Let me start by apologizing for being absent for almost two weeks. I was very busy for my masters degree which does have to take precedence over my love for Science-Fiction. Luckily it has been a quiet week with our favorite shows such as Almost Human, Person of Interest of course Agents of SHIELD only returning to air this week. I can highly recommend you check out he latest Almost Human episode as it almost feels like a reboot of the show. This weeks episode of Agents of SHIELD entitled T.R.A.C.K.S. also feels like a reboot. This come after the scathing interview lead actor Clark Gregg gave about viewers having turned away from the show. Well, this episode certainly experiments with new storytelling methods.
In order to find the Clairvoyant, Coulson and the team board a train in Italy where a Cybertek security group led by Carlo Mancini (TJ Ramini) is shipping an unknown package ordered by Ian Quinn. They take over the mission for an Italian police member named Luca Russo (Carlo Rota). The team splits into groups, with Coulson and Simmons posing as a father and daughter while Fitz and Skye work with Ward and May to track down the package. However, the group is exposed, leaving Coulson and Ward to flee the train, which mysteriously disappears afterward. May also goes missing, but when Coulson and Ward track her down, they learn the team was sold out by Luca Russo who is killed by May. Using the Bus they find the train and Simmons, but Fitz and Skye are gone. It is revealed that Fitz and Skye disembarked to pursue Quinn and the package. Refusing to allow Quinn to escape again, Skye goes into his mansion while Fitz sabotages the vehicles outside.
She discovers Mike Peterson asleep in a hyperbaric chamber in Quinn’s basement before being confronted by Quinn and Mancini who awakens Peterson and presents him with the contents of the package, a high-tech prosthetic leg. To test Peterson’s obedience to Centipede, Quinn orders him to kill Skye. He refuses, as it is against his orders from the Clairvoyant and instead leaves to execute the Cybertek security who brought the package as punishment for leading S.H.I.E.L.D. to Quinn’s location. Quinn then shoots Skye repeatedly in the stomach and leaves her for dead, only to walk right into a S.H.I.E.L.D. raid on his compound. Quinn is arrested, but Skye is left near death and Simmons can only sustain her temporarily by placing her into Peterson’s hyperbaric chamber. In the final scene, Peterson covertly visits a playground and requests to see his son. However, the Clairvoyant tells him “not yet”. The view zooms in on his new prosthetic leg which bears the name “Project Deathlok“.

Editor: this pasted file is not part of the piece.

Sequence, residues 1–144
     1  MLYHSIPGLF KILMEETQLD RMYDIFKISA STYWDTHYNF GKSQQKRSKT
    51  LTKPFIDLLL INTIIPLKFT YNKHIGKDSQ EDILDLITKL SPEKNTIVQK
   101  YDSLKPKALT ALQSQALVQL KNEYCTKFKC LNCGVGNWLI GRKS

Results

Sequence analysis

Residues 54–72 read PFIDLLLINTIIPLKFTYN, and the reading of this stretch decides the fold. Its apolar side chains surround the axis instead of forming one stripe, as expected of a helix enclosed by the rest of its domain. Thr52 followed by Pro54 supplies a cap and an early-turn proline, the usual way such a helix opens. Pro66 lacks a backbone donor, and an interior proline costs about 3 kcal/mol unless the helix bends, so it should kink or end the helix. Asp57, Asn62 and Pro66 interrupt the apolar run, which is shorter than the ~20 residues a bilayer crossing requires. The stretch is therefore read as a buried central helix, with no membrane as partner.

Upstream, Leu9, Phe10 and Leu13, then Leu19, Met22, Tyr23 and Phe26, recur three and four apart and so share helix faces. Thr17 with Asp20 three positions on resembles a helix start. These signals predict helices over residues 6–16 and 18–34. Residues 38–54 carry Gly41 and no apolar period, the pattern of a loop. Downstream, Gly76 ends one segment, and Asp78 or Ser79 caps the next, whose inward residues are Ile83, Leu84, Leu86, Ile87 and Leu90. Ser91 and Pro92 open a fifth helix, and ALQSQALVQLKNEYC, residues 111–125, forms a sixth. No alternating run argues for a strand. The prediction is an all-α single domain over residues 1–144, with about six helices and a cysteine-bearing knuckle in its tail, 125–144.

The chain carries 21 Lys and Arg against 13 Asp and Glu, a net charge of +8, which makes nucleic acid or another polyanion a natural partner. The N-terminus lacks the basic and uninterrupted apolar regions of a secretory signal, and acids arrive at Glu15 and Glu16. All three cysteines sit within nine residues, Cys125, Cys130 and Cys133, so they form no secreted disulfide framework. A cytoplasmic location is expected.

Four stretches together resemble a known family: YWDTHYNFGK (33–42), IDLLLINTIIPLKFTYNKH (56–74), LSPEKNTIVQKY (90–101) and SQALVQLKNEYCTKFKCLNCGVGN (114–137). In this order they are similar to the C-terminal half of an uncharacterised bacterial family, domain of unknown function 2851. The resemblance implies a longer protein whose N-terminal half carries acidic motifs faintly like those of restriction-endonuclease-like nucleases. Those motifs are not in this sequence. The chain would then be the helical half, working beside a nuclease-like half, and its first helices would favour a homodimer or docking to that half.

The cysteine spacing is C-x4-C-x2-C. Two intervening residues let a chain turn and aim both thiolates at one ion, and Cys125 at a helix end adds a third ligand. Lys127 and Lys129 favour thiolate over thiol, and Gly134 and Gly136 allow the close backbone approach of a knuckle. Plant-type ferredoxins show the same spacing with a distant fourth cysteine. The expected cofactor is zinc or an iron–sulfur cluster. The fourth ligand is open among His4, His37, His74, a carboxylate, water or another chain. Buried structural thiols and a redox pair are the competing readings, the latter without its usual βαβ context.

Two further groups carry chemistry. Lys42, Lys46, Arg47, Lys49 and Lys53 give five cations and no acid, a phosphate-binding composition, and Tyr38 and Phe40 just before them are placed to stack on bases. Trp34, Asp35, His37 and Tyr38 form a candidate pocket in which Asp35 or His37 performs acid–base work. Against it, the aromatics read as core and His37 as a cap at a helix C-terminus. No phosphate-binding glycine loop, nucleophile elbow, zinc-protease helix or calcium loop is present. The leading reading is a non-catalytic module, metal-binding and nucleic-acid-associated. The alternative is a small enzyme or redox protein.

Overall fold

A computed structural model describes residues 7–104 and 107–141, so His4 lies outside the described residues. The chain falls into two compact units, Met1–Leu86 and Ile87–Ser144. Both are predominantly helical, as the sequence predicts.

This episode manages to combine a traditional storytelling structure of beginning, middle and end with asymmetrical elements whereby the different character perspectives are each blended to give each new meaning. Sometimes this feels a little bit contrived but overall it proofs to be a worthwhile experiment for Agents of SHIELD which arguably suffered too far from familiar superhero elements. Skye’s near death does come as a shock, for a moment it really did seem as though she would die for real as this episode managed to keep viewers off balance with its unexpected plot twists. However, no real reason was given for her shooting other than hints the Clairvoyant was behind it. It can only be hoped that the creative staff don’t ruin the moment with a gimmicky resolution.
The continuing complications of agent Ward and May’s relationship was in fact a welcome treat. The tension between the two gives this series just the right amount of romantic drama without becoming an unrealistic burden. May (Ming Na Wen) seems to handle it better than Ward, giving each character more depth beyond their already established tough girl/guy image.
Score; 8.8 / 10.